On August 30, 2023, the Department of Labor (DOL) issued a notice of proposed rulemaking (NPRM), which was published in the Federal Register on September 8, 2023. The NPRM alerts the public of the DOL’s proposed changes to the ...

DOL Proposes Changes to the FLSA’s Overtime Exemptions

Labor & Employment

On August 30, 2023, the Department of Labor (DOL) issued a notice of proposed rulemaking (NPRM), which was published in the Federal Register on September 8, 2023. The NPRM alerts the public of the DOL’s proposed changes to the exemptions from overtime pay requirements for executive, administrative, and professional employees as well as for “highly compensated employees” under the Fair Labor Standards Act (FLSA). Significantly, if the NPRM becomes a final rule, more than 3 million additional employees would then become eligible for overtime pay.  The Biden Administration’s proposed rule would increase the standard salary level for salaried employees in these roles to qualify as exempt from the FLSA’s overtime mandate, making more people eligible for overtime, and includes provisions providing for automatic updates to the salary threshold levels every 3 years.

The FLSA generally requires that employers pay employees at or above the federal minimum wage, as well as overtime pay at a rate of 1.5 times the regular rate of pay for all hours worked over 40 in a workweek. However, pursuant to Section 13(a)(1) of the FLSA, employees employed in a bona fide executive, administrative, or professional capacity are exempt from the overtime pay requirements. The exemption is known as the white collar/executive, administrative, professional (EAP) exemption. Employees are considered exempt under the white collar/EAP exemption if they meet the following three tests: 1) the employee’s salary meets a certain minimum amount (the salary level test); 2) the employee is paid a predetermined and fixed salary that is not subject to reduction based on variations in the quality or quantity of work performed (the salary basis test); and 3) the employee’s job duties must primarily involve executive, administrative, or professional duties (the duties test).

The FLSA also authorizes a separate exemption for highly compensated employees, known as the HCE exemption, which applies to employees if: 1) the employee’s total annual compensation is $107,432 or more; 2) the employee’s primary duty includes performing office/non-manual work; and 3) the employee customarily and regularly performs at least one of the duties or responsibilities of exempt executive, administrative or professional employees.

The proposed rule would impact the salary level tests for both the white collar/EAP exemption and the HCE exemption. It would increase the standard salary level for white collar/EAP employees from $684 weekly ($35,568 annually) to $1,059 weekly ($55,068 annually). Thus, employees in these positions making less than $1,059 weekly ($55,068 annually) would become eligible for overtime pay. Furthermore, the proposed rule would increase the HCE total annual compensation threshold from $107,432 to $143,988. Additionally, the proposal would require automatic updates to the earning thresholds every 3 years. The other proposed changes are more limited and include increasing the standard salary levels in all U.S. territories that are subject to the federal minimum wage, while maintaining a special salary level only for American Samoa, as well as changing certain special base rates for employees in the motion picture industry.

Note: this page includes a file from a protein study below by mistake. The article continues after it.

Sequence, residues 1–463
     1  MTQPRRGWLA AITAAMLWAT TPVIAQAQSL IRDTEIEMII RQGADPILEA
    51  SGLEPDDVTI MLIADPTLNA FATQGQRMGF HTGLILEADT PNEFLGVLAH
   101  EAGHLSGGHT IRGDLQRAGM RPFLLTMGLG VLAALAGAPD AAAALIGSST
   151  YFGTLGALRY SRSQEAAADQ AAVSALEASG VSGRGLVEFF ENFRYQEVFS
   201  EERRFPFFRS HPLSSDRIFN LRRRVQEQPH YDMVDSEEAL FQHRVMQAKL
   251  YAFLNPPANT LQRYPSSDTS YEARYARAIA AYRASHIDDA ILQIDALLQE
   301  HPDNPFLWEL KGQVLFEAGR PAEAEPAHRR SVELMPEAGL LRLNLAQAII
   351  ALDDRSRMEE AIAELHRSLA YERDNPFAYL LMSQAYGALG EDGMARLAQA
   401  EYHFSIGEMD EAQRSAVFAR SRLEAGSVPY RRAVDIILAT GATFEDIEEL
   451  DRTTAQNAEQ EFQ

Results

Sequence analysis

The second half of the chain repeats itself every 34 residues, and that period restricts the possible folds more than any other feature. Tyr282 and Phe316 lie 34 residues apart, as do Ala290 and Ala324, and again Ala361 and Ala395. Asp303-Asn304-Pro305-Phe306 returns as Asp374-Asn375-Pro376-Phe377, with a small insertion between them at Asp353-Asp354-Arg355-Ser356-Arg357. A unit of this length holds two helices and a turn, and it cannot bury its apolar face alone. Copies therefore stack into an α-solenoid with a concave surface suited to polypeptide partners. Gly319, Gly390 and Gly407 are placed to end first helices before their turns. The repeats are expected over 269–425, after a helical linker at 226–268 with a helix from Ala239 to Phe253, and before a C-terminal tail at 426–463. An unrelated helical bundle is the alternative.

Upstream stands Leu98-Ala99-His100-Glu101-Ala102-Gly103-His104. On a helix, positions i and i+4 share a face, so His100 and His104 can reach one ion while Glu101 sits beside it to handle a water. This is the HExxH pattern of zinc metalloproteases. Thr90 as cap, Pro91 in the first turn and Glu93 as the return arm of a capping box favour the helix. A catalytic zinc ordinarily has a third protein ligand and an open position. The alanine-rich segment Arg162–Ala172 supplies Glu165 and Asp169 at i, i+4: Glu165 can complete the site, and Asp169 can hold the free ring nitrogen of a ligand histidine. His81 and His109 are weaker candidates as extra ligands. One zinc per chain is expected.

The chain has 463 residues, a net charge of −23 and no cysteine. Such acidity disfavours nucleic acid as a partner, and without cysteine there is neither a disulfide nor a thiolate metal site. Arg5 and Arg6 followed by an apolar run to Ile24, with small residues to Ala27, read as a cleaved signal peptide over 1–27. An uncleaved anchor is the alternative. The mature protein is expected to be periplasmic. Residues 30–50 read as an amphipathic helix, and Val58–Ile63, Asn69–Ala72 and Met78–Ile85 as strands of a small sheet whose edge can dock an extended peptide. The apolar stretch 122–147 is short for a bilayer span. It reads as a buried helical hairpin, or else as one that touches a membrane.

Employers should recognize that the proposed rule will likely face aggressive legal challenges. In 2016, the Obama Administration proposed a similar rule, but a federal court granted a motion for a preliminary injunction to prevent the proposed rule from becoming effective. The federal district court subsequently granted summary judgment to the challengers of the proposal, holding that the increase to the salary level exceeded the DOL’s authority because, by raising the salary level, the DOL effectively eliminated consideration of the white collar/EAP exemption’s duties test. See Nevada v. U.S. Department of Labor, 275 F.Supp.3d 795 (E.D. Tex. 2017). Although the Obama Administration appealed the decision, following the change in administration, the Trump Administration withdrew the appeal and rescinded the proposal.

The Obama Administration’s 2016 rule proposed to increase the salary level from $455 weekly ($23,660 annually) to $913 weekly ($47,476 annually) and to increase the HCE total annual compensation amount from $100,000 to $134,000 annually. It also proposed automatic updates to the earning thresholds every 3 years, as well as other less significant changes. Because the Obama Administration’s proposed rule is very similar to the Biden Administration’s proposed rule, opponents likely will rely on the previous ruling to challenge the new proposal. Thus it is by no means certain that the current proposed rule will become and remain effective and enforceable. 

The public has 60 days to comment from the date the proposal was published in the Federal Register (September 8, 2023). Thus, comments must be submitted on or before November 7, 2023. Employers are welcome to exercise their opportunity to provide comments and feedback, although such comments rarely significantly impact a proposed rule as initially drafted.

Calfee’s Labor and Employment attorneys are available to answer questions relating to the proposed changes to the FLSA’s overtime exemptions and to assist employers with reassessing their employee classifications under federal wage and hour law. 

For additional information on this topic, please contact your regular Calfee attorney or the author(s) listed below:


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